Next we went to West Street and Kentucky Avenue to “The Tubes.” Torn up quarry remains lined a path down the bank of the White River. There we would find concrete tubes as houses with sheets of plastic as doors. The scene would be repeated at the McCarty Street Bridge and the Washing ton Street Bridge, with the tresses used like small apartments, quiet places where folks could stay warm.

There’s a perception that the poor want to live like this, that they are there because they are lazy or are there strictly as the result of their choices. The reality is that most want to transition out of the streets, from this way of life, but they were let down, if not abandoned, by the system. These are the forgotten, making use of anything and any space to stay warm and form a semblance of a life.

All in the shadow of downtown.

Focus on Outreach, Inc.

Okay, I take back what I said about me not writing about some of my friends. I lie. I do that sometimes. I thought I’d highlight a friend who runs a parachurch ministry, Outreach, Inc.

Outreach, Inc. is a Christian ministry in Indianapolis reaching out to homeless and at-risk young adults with the compassion of Jesus Christ. Outreach accomplishes this by providing street outreach, a youth drop-in center, holistic social services, emergency/referral services and case management; operated in an environment of God’s love. We are dedicated to introducing the youth to a relationship with Jesus Christ and helping them to mature in that relationship. Outreach comes along side the church in helping it understand and fulfill the “Great Commission” on a local level by training, equipping and supporting the body of Christ and community to minister to this population, empowering the youth to exit the street life.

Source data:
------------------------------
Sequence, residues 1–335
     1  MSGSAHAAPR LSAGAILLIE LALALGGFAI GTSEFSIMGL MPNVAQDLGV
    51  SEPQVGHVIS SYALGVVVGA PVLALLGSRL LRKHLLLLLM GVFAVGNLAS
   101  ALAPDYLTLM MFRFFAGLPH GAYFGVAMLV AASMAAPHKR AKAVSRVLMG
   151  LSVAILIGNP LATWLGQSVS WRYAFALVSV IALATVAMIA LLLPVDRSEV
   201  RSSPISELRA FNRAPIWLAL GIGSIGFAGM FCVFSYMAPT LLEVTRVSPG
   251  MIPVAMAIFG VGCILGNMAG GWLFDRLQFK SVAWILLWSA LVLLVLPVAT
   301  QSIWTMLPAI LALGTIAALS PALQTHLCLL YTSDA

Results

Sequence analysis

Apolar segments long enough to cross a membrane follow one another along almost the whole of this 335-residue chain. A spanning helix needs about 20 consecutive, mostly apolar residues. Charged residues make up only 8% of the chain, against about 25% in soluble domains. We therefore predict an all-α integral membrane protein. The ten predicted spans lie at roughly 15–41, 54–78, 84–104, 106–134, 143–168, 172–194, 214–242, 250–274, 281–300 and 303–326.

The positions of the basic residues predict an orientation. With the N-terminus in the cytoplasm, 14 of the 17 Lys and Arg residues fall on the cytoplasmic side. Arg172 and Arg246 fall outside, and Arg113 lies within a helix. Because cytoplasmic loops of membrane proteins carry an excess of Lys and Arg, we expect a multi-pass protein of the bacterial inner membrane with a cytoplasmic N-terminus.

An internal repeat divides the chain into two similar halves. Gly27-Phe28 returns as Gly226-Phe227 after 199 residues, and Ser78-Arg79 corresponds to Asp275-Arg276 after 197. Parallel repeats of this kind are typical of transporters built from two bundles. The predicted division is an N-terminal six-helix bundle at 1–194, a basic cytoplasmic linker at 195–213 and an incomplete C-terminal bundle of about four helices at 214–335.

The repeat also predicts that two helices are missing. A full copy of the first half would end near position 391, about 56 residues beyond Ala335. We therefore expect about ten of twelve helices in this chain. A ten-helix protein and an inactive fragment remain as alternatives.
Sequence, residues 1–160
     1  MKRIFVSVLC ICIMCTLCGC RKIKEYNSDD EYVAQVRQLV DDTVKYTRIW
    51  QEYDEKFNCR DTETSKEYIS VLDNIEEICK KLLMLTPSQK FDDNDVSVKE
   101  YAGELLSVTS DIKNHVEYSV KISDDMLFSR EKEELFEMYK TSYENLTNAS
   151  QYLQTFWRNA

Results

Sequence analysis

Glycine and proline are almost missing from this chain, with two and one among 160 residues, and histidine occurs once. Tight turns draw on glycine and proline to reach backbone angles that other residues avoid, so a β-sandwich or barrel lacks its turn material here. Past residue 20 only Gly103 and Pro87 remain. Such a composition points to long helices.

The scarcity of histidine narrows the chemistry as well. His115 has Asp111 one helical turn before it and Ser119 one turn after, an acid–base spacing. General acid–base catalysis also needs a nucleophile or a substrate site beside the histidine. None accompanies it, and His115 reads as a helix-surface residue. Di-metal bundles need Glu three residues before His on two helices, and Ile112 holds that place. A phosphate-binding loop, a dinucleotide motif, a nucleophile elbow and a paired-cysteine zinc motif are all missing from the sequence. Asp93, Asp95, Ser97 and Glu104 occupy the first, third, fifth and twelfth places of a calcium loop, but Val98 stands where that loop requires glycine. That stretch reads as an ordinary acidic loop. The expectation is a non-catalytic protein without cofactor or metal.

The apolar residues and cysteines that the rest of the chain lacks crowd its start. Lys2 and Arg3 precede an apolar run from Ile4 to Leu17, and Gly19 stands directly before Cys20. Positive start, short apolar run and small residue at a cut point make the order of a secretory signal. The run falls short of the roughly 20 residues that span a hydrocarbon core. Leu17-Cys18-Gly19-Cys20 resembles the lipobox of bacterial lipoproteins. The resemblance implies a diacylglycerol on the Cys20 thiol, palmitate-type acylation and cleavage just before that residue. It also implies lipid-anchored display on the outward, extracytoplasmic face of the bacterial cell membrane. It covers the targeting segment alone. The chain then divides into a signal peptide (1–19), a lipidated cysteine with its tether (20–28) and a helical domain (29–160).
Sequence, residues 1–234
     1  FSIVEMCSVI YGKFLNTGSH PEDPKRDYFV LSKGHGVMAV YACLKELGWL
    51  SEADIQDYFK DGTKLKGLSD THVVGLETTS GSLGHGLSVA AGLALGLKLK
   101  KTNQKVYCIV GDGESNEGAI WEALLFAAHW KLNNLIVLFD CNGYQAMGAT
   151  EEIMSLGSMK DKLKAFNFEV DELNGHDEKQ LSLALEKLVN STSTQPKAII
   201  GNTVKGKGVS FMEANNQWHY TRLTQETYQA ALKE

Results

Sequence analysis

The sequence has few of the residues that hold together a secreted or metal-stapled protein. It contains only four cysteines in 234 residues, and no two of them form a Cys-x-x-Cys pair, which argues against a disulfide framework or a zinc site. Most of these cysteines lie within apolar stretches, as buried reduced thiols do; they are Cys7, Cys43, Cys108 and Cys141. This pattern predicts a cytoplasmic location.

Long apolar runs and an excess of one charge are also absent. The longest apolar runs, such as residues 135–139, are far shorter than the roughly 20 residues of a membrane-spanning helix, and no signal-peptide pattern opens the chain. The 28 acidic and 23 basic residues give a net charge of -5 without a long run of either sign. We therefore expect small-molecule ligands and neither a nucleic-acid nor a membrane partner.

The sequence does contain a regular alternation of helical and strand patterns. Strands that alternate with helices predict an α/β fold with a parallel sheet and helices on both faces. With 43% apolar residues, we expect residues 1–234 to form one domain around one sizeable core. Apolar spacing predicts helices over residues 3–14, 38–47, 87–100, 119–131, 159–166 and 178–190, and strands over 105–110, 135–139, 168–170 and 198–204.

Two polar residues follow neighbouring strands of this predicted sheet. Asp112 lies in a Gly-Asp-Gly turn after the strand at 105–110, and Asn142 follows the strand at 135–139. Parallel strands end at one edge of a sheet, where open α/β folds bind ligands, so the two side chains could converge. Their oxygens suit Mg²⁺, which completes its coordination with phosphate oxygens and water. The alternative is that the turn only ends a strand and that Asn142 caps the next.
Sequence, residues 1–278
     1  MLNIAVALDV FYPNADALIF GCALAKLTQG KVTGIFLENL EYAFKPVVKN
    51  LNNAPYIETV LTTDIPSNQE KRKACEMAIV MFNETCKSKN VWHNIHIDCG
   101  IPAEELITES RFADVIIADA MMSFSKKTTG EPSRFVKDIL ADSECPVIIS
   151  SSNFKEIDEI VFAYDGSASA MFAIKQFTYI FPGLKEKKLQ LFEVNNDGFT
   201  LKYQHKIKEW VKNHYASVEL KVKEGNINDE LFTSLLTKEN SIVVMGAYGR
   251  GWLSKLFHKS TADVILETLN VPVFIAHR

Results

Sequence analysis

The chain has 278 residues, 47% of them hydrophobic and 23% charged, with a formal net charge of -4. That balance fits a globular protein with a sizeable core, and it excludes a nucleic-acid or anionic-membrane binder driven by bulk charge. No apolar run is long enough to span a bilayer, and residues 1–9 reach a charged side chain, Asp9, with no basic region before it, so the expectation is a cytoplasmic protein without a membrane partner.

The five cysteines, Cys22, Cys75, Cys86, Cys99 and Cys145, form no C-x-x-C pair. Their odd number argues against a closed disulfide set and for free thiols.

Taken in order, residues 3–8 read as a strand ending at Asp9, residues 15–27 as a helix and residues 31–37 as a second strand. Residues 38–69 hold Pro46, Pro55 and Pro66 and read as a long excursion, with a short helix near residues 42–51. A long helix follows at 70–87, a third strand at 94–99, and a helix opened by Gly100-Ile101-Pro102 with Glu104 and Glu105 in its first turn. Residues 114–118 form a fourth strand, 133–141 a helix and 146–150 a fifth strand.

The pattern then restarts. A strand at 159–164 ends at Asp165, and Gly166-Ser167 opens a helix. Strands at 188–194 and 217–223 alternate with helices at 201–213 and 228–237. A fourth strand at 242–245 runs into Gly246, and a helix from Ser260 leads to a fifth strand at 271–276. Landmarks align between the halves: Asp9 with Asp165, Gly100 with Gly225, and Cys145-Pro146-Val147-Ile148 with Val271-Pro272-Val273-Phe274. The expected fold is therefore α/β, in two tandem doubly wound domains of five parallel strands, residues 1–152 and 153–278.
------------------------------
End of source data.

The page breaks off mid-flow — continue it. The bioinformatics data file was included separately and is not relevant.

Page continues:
About 300 kids a year pass through their doors, most from the Indianapolis area. There’s a perception that these kids want to be out on the streets, that they are there because they are lazy or are there strictly as the result of their choices. The reality is that most want to transition out of the streets; that they were let down, if not abandoned, by the system. Outreach, Inc. works within and fills the cracks of that system.

There’s never a typical week for Outreach, Inc. Some of the things that occur weekly are their staff meeting on Mondays, client meetings on Wednesdays, and their Bible study on Thursdays. Then there are their afternoon drops, plus their evening drops on Thursay, Friday, Saturday evenings and street outreach. As you can imagine, it’s the unpredictability of the ministry that break any sense of routine (or IS the routine). The emergencies that pop up, meeting with the youth, going to court with them, helping their plans to transition from mediocrity to success – whether that means getting them food, clothing, bus passes, finding a job, or working one-on-one with them.

In other words, my new Intake column is up. “Focus on Outreach.” And we can’t forget the important work done by the volunteers of Outreach, Inc. Thank you, volunteers!